You could float Marco Mueller on the lagoon, he’s so buoyant. Heading into his sixth year as Venice’s artistic director, he can finally see his longed-for new palazzo physically taking shape on the Lido - as many screens as Toronto, he crows, but under one roof. It will open in 2011, the final year of his current contract, and it’s hard to imagine that will be the end of Mueller’s close partnership with Biennale president Paolo Baratta.
When Venice kicks off on the Lido on September 2, its “front” will be reversed - former entrances will become exits while building work goes on beside the Casino. There will be two red carpets, and each of the festival’s sections (Venice Days, Orrizonti, Critics Week, and so on) will have their own theatres.
To attendees who remember the good old days when films had the habit of not actually starting at all, not to mention on time, it all seems ominously ambitious. But there’s no limit to Mueller’s will or Baratta’s backing. “I am more optimistic than ever before about the future of Venice,” declares Mueller.
Once again Mueller has assembled a varied line-up; geographically and thematically, from debuts to experienced directors. He says it’s “contradictory in the best sense of the term - contradictory but affirmative and in the end, fun”. He cites Nicolas Cage and Werner Herzog working together in the Bad Lieutenant remake, Bad Lieutenant: Port Of Call New Orleans as an example of contradictory.
“Although we have a few studio films, you cannot imagine journalists will go back to their hotel rooms and write puff pieces about them,” says Mueller in the type of quote he could live to regret. “Finally, we have managed to create a dynamic between the attraction of a film and the possibility of revealing unexpected market potential. We have also managed to strike a balance with our partners and the world.”
By this, Mueller - who is still insisting he will roll Venice’s start further back into September - means Telluride (September 4-7) and Toronto (September 10-19). There has been a lot of programme shuffling to do with Telluride (which keeps its line-up under wraps until the opening day).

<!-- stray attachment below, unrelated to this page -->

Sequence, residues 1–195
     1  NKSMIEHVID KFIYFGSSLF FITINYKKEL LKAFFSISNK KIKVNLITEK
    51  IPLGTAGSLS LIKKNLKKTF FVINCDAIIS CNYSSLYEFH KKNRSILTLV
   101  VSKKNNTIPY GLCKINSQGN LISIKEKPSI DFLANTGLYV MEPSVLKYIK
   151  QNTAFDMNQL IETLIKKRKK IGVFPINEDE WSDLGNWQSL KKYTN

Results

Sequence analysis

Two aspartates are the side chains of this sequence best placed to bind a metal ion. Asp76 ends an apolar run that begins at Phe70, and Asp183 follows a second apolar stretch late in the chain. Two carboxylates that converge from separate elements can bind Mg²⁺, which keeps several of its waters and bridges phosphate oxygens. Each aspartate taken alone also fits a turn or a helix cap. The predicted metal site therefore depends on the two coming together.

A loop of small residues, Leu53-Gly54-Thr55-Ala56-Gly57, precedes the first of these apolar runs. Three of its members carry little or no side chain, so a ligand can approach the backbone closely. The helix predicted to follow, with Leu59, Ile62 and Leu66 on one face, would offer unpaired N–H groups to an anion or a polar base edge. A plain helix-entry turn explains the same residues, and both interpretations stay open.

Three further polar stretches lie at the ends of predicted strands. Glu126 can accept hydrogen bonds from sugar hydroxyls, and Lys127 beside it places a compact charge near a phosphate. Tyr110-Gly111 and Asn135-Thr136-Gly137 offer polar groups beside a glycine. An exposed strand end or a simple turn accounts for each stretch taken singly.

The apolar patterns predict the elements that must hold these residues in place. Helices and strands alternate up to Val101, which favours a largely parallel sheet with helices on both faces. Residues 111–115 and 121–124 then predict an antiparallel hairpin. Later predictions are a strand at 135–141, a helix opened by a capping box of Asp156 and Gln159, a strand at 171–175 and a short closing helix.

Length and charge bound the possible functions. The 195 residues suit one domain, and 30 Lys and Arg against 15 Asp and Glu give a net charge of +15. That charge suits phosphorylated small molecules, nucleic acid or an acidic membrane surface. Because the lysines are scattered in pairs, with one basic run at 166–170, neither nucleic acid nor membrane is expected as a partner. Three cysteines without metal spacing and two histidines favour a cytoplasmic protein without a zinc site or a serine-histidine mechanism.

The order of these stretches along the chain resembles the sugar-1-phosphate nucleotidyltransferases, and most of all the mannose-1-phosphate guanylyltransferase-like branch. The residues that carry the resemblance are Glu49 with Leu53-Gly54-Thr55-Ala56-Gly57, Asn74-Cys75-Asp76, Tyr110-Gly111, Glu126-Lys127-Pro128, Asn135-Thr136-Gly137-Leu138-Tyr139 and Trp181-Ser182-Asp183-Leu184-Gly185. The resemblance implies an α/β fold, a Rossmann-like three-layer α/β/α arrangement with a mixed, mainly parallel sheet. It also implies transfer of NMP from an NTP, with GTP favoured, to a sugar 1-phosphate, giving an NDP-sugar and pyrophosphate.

“That has cost us [effort],” Mueller admits. “We want Venice films to world premiere here and then go on to their international careers.” Still, he insists, “we are harmonising what each festival can offer and I don’t think we have lost anything we specially aimed for.”
Mueller has his favourite discoveries in the line-up of 71 world premieres and there are significant directorial debuts - Tom Ford with A Single Man, Egypt’s Ahmed Maher with The Traveller (“I’ve been dying to find a new talent like this,” says Mueller). Mueller is also in love with Lebanon, a feature fiction debut from Israel’s Samuel Maoz.
What’s certain is that the festival is covering all angles, from first-time discoveries, to bigger works from auteurs (besides Herzog, there are Todd Solondz’s Life During Wartime, opener Guiseppe Tornatore’s Baaria, Jaco van Dormael’s English-language Mr Nobody and Fatih Akin’s Soul Kitchen). Then there are the potential cult/genre titles - George Romero with Survival Of The Dead, Shinya Tsukamoto with Tetsuo The Bullet Man, and Cheang Pou Soi with Accident.
Although there are no UK films, geographically, the festival has a strong US-Europe-Asia backbone (Michele Placido, Patrice Chereau, Claire Denis, Michael Moore, John Hillcoat) which lends weight to some of the more eclectic additions.
And there are appealing titles screening out of competition - Soderbergh’s The Informant!, Grant Heslov The Men Who Stare At Goats with George Clooney, and Joe Dante’s The Hole.
While Venice is typically front-loaded, Mueller is planning to “stay exciting even when Telluride is over and Toronto is under way - we want a big second weekend.” (Last year, Hurt Locker, Rachel Getting Married and The Wrestler closed the festival.)
Mueller is non-committal about the number of buyers attending, but says: “I feel almost definitely contented.” Days before the world’s second-largest competitive film festival kicks off, that’s probably about as good as it gets.